Short Communication - African Journal of Diabetes medicine (2022)

A short note on pathogenesis of chronic hyperglycemia
Department of Pharmacy, Aristotle University of Thessaloniki, Greece

*Corresponding Author:

Hasnaa Mark, Department of Pharmacy, Aristotle University of Thessaloniki, Greece, Email:

Received: 01-Nov-2022, Manuscript No. ajdm-22-81288; Editor assigned: 03-Nov-2022, Pre QC No. ajdm-22-81288 (PQ); Reviewed: 17-Nov-2022, QC No. ajdm-22-81288; Revised: 22-Nov-2022, Manuscript No. ajdm-22-81288 (R); Published: 29-Nov-2022


Type 2 diabetes is commonly bulimia. It is caused by insulin resistance and impaired insulin secretion. These are mainly induced gradually by hyperglycemia combined with other factors such as obesity, aging, genetic predisposition and lack of exercise. Sustained binge eating leads to consistently high blood sugar levels that are toxic to the macrovasculature and microvasculature, an effect known as glycotoxicity.1 Oxidative stress is thought to contribute to the pathogenesis of glucose toxicity during the onset of diabetes and diabetic complications, but reductive stress due to excess NADH produced by hyperglycemia has received less attention.

Normal blood glucose levels below 100 mg/dL are tightly maintained, controlled, and achieved by the rate of glucose uptake by all tissues and the rate of glucose synthesis by the liver and kidneys. Approximately 75% of total glucose in the body is used by insulin-insensitive tissues such as brain, red blood cells, liver and intestines, and the remainder by insulin- sensitive tissues such as muscle.2A rapid rise in blood sugar after a meal stimulates insulin secretion, resulting in a temporary increase in blood insulin levels known as hyperinsulinemia.


Increased blood levels of both glucose and insulin co-ordinately inhibit glucose production by the liver and promote glucose uptake by insulin-insensitive tissues. Therefore, euglycemia is tightly maintained. This is highly dependent not only on adequate insulin secretion from β-cells after food stimulation, but also on insulin action in the liver and peripheral tissues.

Electrons from the aerobic breakdown of glucose are primarily stored in NADH for oxygen reduction and ATP generation. NADH is therefore a reducing compound and excessive amounts can cause reductive stress.3 NADH overproduction or NAD+ deficiency induces an accumulation of NADH, causing an imbalance between NADH and NAD+, creating a condition known as pseudohypoxia. Oxygen is not consumed efficiently. This leads to metabolic stress or metabolic syndrome common in diabetes. It should be noted that the accumulation of GSH and NADPH, which are closely related to NADH metabolism, can also cause reductive stress. Thus, as mitochondrial complex I is the key enzyme responsible for NADH recycling, dysfunction of complex I may induce NADH accumulation and reductive stress, which may lead to insulin release by β-cells may be related to inhibition of the glycolytic pathway breaks down approximately 80%-90% of the body’s glucose, while the pentose-phosphate pathway consumes the remaining 10%-20% under physiological conditions. In hyperglycemic conditions, more glucose flows through the glycolytic pathway, producing more pyruvate and acetyl-CoA, producing more NADH causes electron pressure on the mitochondrial electron transport chain.4 This is especially true for hepatocytes and pancreatic β-cells, as glucokinase (hexokinase D) is a supply-dependent enzyme and this enzyme is not inhibited by glucose-6-phosphate (G6P). Therefore, the more glucose there is, the more G6P is produced and broken down by glycolysis and the Krebs cycle to produce more NADH.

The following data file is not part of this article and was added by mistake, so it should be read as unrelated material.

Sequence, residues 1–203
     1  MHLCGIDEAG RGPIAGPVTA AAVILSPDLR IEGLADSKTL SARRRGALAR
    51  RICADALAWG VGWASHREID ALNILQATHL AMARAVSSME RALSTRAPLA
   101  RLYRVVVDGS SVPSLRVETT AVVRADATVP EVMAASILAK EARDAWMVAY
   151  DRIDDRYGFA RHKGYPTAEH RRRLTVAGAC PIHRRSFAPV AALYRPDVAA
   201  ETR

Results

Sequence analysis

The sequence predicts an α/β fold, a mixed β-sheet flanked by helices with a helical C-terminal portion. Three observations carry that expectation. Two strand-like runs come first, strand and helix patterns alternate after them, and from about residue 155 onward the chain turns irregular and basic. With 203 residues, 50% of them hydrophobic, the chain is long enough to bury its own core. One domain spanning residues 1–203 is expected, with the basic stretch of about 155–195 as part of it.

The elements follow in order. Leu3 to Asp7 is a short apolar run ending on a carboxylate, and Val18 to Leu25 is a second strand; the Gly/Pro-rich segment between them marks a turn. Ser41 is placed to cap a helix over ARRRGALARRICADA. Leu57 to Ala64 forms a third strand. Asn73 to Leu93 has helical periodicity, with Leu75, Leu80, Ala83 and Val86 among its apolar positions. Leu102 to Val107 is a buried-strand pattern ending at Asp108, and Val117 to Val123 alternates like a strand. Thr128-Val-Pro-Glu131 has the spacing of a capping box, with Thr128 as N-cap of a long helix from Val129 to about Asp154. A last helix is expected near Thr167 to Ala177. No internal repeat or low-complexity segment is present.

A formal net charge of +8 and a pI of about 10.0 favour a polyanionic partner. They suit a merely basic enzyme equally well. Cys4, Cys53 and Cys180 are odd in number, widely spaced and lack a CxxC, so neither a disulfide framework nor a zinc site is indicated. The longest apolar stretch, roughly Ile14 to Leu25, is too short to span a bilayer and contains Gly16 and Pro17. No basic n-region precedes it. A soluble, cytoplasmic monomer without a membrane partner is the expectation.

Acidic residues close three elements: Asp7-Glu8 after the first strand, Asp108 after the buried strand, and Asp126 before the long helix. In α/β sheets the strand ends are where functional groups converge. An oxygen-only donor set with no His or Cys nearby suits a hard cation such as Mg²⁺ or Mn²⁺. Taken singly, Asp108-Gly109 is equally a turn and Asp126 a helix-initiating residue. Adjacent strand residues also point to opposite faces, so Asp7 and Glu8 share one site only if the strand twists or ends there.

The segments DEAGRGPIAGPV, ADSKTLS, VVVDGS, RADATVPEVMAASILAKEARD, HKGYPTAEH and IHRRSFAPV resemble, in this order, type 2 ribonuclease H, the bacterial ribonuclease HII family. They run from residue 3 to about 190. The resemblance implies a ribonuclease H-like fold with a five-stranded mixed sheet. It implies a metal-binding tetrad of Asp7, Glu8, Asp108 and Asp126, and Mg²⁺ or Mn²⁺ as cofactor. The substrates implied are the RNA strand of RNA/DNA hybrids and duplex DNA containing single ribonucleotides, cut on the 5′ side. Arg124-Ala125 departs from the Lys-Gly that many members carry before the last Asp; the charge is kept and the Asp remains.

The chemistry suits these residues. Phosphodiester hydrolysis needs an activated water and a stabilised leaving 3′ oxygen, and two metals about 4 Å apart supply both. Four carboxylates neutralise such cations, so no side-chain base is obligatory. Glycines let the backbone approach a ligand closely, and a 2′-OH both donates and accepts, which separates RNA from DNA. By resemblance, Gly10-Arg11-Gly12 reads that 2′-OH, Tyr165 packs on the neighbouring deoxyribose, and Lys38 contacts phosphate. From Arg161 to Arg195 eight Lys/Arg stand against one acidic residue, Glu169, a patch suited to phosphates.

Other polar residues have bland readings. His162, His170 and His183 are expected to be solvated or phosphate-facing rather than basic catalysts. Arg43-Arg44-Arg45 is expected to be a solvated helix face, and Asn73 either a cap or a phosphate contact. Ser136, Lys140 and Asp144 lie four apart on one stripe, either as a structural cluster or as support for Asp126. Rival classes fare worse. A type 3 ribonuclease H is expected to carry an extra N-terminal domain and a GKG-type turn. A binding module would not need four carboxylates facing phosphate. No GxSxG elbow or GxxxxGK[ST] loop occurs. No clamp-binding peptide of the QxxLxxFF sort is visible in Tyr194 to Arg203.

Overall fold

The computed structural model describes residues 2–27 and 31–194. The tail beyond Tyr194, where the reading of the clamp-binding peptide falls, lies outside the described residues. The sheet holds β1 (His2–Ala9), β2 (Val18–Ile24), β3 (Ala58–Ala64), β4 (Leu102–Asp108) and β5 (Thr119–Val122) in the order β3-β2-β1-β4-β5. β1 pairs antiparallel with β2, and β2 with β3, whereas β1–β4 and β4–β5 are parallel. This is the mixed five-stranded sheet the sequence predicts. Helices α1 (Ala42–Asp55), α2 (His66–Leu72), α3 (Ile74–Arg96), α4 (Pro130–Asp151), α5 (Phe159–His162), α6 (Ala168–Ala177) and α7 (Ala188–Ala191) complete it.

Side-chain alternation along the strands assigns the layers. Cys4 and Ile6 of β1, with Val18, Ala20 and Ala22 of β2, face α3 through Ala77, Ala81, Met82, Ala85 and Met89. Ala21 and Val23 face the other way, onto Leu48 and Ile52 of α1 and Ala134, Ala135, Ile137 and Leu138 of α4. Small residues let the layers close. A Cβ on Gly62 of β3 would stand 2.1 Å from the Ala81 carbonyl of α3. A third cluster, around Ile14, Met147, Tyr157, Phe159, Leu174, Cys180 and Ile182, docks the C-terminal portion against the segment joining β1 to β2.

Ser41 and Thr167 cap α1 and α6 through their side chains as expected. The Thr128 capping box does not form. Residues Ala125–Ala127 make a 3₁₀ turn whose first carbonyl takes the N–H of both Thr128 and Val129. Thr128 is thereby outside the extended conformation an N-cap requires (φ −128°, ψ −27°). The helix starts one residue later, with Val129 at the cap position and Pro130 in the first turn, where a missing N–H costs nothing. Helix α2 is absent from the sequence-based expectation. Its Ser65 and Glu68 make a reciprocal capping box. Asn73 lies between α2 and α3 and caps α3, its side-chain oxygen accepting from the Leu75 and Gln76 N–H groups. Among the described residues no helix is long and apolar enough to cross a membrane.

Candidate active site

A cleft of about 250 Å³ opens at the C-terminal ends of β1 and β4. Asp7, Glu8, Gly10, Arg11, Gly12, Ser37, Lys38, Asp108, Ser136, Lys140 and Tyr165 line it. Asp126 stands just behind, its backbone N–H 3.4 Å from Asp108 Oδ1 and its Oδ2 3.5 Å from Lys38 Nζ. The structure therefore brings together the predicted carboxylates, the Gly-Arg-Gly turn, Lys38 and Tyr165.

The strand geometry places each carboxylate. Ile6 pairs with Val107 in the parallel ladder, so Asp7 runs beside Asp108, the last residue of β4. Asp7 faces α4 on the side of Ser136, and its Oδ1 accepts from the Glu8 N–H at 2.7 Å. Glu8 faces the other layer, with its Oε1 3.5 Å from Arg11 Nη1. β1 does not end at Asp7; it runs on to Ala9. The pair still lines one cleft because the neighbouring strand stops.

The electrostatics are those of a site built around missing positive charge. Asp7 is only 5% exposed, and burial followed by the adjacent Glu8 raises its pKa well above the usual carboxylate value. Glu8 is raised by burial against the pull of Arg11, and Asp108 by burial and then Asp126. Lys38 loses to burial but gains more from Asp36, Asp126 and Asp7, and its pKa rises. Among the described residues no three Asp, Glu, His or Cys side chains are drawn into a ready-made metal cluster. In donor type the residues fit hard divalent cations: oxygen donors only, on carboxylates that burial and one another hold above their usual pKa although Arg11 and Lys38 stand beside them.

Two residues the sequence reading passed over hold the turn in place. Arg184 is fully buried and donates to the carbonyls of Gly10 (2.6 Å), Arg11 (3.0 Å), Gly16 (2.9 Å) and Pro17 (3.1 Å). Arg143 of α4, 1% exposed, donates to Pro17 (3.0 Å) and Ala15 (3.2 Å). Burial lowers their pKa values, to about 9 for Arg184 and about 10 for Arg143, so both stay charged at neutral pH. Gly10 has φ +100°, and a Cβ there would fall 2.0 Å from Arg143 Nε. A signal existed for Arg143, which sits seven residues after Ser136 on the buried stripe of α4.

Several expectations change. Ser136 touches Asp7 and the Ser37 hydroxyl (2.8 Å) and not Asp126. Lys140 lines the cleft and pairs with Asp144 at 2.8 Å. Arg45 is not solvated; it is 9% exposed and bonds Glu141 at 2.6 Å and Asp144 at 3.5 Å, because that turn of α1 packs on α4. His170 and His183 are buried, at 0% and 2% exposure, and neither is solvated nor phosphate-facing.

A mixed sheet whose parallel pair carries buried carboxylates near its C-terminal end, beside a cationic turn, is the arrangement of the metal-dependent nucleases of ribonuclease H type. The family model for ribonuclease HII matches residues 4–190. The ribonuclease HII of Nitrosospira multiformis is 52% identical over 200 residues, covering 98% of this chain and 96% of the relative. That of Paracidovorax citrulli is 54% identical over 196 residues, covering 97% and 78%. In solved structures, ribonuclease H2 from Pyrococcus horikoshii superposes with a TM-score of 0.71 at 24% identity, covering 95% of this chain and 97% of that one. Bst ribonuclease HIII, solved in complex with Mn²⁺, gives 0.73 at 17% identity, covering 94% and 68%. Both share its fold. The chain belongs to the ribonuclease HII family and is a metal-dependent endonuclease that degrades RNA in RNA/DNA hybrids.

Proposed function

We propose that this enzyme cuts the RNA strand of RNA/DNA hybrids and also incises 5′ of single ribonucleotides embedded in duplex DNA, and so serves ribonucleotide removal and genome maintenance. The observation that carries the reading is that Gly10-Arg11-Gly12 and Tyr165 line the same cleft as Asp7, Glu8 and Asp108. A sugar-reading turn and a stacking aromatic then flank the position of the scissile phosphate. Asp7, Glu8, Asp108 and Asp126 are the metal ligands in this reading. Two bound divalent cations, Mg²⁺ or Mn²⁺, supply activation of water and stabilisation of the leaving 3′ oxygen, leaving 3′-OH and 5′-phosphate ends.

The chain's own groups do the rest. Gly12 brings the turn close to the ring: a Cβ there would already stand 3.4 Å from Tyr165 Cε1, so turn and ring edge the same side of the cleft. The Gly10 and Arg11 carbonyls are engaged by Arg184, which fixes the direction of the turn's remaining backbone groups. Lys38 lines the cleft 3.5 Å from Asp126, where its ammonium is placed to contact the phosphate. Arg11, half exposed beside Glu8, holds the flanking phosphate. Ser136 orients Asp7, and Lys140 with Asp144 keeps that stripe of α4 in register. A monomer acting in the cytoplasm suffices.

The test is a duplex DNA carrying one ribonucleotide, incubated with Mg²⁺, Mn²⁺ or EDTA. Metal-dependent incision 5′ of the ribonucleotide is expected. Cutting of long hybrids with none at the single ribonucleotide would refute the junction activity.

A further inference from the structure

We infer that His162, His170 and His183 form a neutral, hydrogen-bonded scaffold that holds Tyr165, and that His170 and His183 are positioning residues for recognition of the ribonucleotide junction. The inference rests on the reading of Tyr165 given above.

Persistent hyperglycemia is highly toxic. It not only induces insulin resistance, but also impairs insulin secretion by pancreatic β-cells. Over time, hyperglycemia adversely affects the macrovasculature and microvasculature. Hyperglycemia causes overproduction of acetyl-CoA, which feeds into the Krebs cycle and generates excess NADH, thus subjecting the mitochondrial electron transport chain to strong electron pressure. Thus, oxidation of overproduced NADH by mitochondria would inevitably lead to the production of more superoxide and thus more ROS, which could attack and inactivate GAPDH. This causes the accumulation of glycolytic metabolites upstream of glyceraldehyde-3-phosphate, activating alternative glucose disposal pathways, all associated with ROS production, and increasing levels of oxidative stress.



Conflict of Interest

The author has nothing to disclose and also state no conflict of interest in the submission of this manuscript.


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